The computer, with its multiplying forums for spontaneous free expression from e-mail to listservs and blogs, has increased facility and fluency of language but degraded sensitivity to the individual word and reduced respect for organized argument, the process of deductive reasoning.
There are an ever increasing number of philosophy blogs out there — it would be sad if we were reducing respect for organized argument, given the central role it plays in philosophical methodology (right behind thinking about things).
It strikes me that blogging about philosophy can be a technological variation of some old standbys in philosophy — sitting around the [department/bar/pool hall/colleague’s house] trying out positions and arguments, and getting drunk at conferences and trying to explain your [book/latest paper/PhD thesis] to an equally drunk colleague. That is, its a few steps before circulation of manuscripts and discussion in formal reading groups on the generation process. Of course, philosophy blogs may well be other things as well — social commentary, personal indulgencies (like this one), or a forum for real work more like manuscript circulation.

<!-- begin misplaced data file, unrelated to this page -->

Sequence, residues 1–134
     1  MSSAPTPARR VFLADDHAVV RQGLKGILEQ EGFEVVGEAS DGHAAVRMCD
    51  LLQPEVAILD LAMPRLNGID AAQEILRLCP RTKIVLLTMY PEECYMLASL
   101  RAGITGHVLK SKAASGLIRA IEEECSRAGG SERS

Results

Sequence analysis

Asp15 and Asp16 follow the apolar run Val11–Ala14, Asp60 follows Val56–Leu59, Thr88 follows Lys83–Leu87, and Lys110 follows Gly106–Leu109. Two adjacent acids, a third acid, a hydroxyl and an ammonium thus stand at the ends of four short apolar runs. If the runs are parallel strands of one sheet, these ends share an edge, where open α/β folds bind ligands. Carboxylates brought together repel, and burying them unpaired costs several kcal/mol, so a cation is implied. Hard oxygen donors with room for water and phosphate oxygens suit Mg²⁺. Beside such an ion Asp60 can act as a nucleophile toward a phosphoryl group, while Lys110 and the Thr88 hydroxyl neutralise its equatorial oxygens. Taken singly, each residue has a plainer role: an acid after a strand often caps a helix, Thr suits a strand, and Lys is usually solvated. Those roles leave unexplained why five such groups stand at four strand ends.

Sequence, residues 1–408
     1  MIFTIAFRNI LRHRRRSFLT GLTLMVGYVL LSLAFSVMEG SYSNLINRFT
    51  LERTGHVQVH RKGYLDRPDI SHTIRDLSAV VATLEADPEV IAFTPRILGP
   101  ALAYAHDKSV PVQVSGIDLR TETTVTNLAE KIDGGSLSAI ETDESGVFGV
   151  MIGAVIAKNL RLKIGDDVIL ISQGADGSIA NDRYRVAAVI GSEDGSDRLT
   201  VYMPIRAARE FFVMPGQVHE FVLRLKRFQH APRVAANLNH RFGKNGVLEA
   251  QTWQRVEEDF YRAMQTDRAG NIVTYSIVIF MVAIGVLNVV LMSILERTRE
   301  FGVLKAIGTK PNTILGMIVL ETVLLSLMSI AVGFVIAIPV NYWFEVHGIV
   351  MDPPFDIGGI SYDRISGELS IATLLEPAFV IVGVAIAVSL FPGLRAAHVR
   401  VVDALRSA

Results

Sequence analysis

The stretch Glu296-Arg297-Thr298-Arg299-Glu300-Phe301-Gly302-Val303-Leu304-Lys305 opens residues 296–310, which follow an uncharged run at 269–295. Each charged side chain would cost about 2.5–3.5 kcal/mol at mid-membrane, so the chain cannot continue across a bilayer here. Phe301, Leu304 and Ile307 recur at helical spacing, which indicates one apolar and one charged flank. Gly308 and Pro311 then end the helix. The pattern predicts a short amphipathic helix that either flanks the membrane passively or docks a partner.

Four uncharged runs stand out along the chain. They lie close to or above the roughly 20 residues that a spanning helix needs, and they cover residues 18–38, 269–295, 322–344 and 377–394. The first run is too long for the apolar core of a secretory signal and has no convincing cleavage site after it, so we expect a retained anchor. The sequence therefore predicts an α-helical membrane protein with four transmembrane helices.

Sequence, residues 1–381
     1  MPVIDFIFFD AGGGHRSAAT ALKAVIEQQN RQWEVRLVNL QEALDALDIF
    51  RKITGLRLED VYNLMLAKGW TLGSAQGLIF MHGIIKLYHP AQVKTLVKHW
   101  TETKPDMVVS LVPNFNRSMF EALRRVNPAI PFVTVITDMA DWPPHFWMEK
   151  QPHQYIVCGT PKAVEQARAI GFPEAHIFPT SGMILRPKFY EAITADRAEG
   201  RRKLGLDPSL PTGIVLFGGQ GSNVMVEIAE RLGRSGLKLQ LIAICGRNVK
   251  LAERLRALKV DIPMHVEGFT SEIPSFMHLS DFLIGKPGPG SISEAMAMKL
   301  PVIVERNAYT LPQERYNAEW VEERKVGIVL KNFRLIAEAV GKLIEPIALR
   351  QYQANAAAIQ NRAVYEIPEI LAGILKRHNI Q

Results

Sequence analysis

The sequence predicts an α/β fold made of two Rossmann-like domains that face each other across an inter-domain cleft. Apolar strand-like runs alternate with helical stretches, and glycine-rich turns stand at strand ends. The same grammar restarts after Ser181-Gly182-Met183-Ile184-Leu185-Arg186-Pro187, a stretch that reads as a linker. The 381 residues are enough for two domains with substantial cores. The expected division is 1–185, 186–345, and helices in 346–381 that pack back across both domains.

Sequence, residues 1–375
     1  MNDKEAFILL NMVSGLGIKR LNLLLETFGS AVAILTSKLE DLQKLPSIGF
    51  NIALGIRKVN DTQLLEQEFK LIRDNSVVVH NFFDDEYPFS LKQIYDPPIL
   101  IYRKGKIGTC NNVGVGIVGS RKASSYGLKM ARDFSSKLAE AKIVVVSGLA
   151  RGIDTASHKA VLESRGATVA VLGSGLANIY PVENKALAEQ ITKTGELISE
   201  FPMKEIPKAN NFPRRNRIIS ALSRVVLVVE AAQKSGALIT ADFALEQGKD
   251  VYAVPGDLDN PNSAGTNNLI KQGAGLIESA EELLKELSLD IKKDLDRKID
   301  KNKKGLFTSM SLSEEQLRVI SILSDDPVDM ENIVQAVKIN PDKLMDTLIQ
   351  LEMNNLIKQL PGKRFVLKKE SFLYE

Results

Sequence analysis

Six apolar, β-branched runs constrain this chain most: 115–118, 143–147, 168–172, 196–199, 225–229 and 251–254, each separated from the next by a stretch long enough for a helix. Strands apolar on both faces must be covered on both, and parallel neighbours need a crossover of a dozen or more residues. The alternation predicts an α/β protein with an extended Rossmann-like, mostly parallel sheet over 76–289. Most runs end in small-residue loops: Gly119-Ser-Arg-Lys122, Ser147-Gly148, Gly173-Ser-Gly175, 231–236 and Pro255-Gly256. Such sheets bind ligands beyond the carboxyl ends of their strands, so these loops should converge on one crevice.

The point is, its tough for me to see why the media of blogs, listservs, and email make them inherently likely to reduce respect for organized argument — its what you do with them that counts. Its probably unpatriotic of me as a Canadian to say this, but McLuhan was wrong — the medium isn’t the message.